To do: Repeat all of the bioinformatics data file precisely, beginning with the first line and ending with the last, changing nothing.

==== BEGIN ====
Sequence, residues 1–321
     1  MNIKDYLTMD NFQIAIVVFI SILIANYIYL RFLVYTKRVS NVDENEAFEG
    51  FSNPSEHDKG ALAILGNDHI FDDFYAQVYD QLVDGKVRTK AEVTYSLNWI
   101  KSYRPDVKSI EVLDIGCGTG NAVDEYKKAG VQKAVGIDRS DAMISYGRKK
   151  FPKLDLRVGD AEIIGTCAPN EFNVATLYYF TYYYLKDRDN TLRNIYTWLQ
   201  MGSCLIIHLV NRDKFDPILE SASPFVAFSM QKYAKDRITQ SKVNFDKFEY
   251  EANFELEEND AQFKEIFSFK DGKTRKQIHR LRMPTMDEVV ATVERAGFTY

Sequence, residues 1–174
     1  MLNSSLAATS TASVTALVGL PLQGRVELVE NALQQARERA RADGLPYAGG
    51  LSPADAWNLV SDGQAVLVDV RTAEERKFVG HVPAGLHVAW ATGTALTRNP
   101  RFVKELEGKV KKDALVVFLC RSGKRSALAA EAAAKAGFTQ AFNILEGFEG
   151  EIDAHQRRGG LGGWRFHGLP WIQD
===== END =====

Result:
Sequence, residues 1–321
     1  MNIKDYLTMD NFQIAIVVFI SILIANYIYL RFLVYTKRVS NVDENEAFEG
    51  FSNPSEHDKG ALAILGNDHI FDDFYAQVYD QLVDGKVRTK AEVTYSLNWI
   101  KSYRPDVKSI EVLDIGCGTG NAVDEYKKAG VQKAVGIDRS DAMISYGRKK
   151  FPKLDLRVGD AEIIGTCAPN EFNVATLYYF TYYYLKDRDN TLRNIYTWLQ
   201  MGSCLIIHLV NRDKFDPILE SASPFVAFSM QKYAKDRITQ SKVNFDKFEY
   251  EANFELEEND AQFKEIFSFK DGKTRKQIHR LRMPTMDEVV ATVERAGFTY

Sequence, residues 1–174
     1  MLNSSLAATS TASVTALVGL PLQGRVELVE NALQQARERA RADGLPYAGG
    51  LSPADAWNLV SDGQAVLVDV RTAEERKFVG HVPAGLHVAW ATGTALTRNP
   101  RFVKELEGKV KKDALVVFLC RSGKRSALAA EAAAKAGFTQ AFNILEGFEG
   151  EIDAHQRRGG LGGWRFHGLP WIQD